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Eagles may soar, but weasels don't get sucked into jet engines!
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hilmi
05-27-2001, 10:16 AM
i'm wondering if anybody can help me. i'm looking for the differences between 16-bit processor and 32 bit processor. and i'll be very grateful if anybody can get me some info on that. thanks.

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Paleo Pete
05-27-2001, 10:50 PM
The Processor (http://www.pcguide.com/ref/cpu/index.htm) section of the PC Guide would probably give you a much more accurate and detailed overview of the CPU than I can. You'll have to go through the whole section to find what you're looking for, but you'll learn a lot in the process...

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hilmi
05-29-2001, 11:34 PM
not what i really want actually. what i need is more like comparisons between 16 bit processors and 32 bit. it's more like how 386 is better than the previous organization and architecture. thanks.

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yawningdog
05-30-2001, 06:54 PM
Quite simply, if 16 bits is a two lane highway, then 32 bits is a four lane highway. It means more data throughput at a given speed.

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psabi
05-31-2001, 11:39 AM
Related to your query is the whole "64 Bit processors" that just came out-

CPU's with 64 bit external data buses and registers are already here - the new "64 bit" expands the address bus from 32 to 64 bit.
(paraphrased from Michael Meyers)

Intel was fairly low key with the Itanium intro. Seems the current sentiment is to wait until the "McKinley" version comes out next year. By then, AMD should have their 64 bit out as well. Which is fine by me, because that means that as Joe Consumer feels the need to get "McKinley", they will let me take those pesky and slow P4's, P3's, and Athlon's off their hands...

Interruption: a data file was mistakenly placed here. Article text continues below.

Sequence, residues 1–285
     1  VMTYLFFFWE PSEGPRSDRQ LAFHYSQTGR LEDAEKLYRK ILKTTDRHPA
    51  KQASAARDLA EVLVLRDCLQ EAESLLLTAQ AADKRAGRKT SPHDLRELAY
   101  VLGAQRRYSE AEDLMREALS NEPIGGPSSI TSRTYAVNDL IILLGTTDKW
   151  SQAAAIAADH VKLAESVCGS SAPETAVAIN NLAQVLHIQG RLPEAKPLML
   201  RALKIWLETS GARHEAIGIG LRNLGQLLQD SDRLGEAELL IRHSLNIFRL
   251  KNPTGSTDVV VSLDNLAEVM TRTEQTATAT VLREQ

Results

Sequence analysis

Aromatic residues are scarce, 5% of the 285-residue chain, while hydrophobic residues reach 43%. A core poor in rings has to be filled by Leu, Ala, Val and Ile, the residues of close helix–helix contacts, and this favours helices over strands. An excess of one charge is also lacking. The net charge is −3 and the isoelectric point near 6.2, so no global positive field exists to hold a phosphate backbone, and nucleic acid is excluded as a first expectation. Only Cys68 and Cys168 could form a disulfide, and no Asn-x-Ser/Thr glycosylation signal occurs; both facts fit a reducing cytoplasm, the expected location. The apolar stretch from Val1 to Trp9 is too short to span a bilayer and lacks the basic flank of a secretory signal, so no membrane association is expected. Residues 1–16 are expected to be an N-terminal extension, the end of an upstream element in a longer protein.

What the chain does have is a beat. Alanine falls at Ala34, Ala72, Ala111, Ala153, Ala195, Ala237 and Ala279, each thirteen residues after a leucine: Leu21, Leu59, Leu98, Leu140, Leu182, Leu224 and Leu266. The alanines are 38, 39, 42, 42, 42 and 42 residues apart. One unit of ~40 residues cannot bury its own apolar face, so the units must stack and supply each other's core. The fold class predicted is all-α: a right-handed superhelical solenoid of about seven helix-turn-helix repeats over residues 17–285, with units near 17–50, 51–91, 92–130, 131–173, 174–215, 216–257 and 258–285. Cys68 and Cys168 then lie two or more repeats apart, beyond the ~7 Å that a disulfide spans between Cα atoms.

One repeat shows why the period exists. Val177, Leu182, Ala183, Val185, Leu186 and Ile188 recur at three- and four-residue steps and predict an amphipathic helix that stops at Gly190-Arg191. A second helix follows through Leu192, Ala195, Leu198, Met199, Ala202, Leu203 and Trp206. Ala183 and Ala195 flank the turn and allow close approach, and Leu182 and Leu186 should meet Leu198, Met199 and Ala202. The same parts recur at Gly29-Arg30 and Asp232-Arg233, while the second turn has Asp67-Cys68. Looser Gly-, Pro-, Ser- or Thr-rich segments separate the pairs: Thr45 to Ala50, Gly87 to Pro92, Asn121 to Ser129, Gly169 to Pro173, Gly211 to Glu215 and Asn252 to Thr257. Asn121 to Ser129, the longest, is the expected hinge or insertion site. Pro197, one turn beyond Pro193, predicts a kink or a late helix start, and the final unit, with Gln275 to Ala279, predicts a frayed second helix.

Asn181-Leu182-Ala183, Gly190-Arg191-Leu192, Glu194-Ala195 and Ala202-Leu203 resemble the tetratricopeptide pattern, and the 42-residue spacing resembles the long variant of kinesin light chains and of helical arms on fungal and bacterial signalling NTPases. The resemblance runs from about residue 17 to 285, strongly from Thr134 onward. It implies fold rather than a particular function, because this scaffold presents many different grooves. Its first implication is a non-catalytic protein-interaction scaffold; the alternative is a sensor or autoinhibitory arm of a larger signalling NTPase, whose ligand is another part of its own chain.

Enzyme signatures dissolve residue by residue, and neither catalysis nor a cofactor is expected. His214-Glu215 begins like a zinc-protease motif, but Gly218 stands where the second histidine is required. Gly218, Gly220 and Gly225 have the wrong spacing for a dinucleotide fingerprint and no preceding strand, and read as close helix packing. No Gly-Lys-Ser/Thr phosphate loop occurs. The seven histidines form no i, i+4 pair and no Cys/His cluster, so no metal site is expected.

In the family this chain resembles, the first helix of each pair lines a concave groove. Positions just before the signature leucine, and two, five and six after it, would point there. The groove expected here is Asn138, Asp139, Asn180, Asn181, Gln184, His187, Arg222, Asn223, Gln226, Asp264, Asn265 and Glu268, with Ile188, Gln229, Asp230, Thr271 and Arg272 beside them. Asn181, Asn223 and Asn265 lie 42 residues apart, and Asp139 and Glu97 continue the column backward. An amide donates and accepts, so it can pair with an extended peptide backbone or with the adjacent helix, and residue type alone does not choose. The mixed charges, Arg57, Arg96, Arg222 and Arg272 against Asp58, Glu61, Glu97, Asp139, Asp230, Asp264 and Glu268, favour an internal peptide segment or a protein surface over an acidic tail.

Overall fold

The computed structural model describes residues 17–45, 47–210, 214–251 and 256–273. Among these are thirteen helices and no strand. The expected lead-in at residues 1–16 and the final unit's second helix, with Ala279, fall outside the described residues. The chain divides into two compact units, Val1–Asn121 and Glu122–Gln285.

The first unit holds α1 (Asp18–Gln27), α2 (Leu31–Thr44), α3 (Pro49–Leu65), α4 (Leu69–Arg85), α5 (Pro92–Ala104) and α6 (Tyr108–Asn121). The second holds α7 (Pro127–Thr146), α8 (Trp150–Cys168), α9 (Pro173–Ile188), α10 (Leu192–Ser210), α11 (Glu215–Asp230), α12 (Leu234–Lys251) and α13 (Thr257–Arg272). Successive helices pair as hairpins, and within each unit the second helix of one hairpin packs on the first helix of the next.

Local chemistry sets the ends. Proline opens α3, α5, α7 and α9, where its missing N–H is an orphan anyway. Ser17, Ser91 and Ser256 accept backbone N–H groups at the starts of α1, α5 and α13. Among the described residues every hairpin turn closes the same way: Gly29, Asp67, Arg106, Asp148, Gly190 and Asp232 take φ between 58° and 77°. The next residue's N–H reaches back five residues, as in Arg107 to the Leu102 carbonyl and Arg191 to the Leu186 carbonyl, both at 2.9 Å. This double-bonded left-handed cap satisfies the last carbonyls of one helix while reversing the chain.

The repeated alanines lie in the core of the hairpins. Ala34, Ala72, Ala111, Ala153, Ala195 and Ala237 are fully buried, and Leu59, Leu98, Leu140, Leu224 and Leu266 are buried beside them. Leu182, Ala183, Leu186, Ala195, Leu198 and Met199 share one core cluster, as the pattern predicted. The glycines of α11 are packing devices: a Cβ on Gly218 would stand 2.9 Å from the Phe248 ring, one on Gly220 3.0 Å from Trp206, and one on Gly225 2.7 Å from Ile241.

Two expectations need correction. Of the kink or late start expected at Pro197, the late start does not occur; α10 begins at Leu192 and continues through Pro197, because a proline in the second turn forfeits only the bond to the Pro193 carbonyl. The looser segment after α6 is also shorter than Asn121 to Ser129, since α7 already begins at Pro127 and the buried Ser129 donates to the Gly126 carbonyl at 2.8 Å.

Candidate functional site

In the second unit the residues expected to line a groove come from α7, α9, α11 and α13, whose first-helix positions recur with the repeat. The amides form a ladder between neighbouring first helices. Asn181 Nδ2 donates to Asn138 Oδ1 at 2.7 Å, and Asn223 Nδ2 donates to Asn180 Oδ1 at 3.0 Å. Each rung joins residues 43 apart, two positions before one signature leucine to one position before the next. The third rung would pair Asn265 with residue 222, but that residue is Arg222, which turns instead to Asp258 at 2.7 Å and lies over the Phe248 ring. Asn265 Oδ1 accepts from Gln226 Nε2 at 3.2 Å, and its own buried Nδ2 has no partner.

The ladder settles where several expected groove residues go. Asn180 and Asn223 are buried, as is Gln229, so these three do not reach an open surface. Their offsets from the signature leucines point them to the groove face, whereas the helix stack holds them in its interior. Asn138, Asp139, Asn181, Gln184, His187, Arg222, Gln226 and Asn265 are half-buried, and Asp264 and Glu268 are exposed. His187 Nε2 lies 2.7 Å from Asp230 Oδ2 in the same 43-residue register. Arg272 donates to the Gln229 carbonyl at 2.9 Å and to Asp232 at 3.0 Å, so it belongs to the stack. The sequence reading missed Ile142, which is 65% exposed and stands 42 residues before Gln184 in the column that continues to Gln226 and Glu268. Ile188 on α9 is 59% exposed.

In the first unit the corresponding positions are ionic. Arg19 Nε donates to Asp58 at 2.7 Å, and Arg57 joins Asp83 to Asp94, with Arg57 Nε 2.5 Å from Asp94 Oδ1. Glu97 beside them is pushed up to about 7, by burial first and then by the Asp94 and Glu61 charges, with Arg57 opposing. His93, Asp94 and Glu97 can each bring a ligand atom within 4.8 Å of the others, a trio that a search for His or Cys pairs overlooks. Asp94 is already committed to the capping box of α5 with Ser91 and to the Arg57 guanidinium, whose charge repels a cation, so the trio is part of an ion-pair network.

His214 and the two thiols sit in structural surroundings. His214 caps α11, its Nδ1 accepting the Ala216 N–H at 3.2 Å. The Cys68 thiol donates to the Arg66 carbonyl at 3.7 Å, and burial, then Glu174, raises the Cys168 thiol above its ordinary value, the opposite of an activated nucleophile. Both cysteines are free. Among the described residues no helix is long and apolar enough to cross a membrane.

hilmi
05-31-2001, 03:18 PM
Originally posted by psabi:
Related to your query is the whole "64 Bit processors" that just came out-

CPU's with 64 bit external data buses and registers are already here - the new "64 bit" expands the address bus from 32 to 64 bit.
(paraphrased from Michael Meyers)

Intel was fairly low key with the Itanium intro. Seems the current sentiment is to wait until the "McKinley" version comes out next year. By then, AMD should have their 64 bit out as well. Which is fine by me, because that means that as Joe Consumer feels the need to get "McKinley", they will let me take those pesky and slow P4's, P3's, and Athlon's off their hands...



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hilmi
05-31-2001, 03:26 PM
How about changing a 386 to an 8086. two memorys will be put out of course but then still some other things will be disabled. how do we figure that out?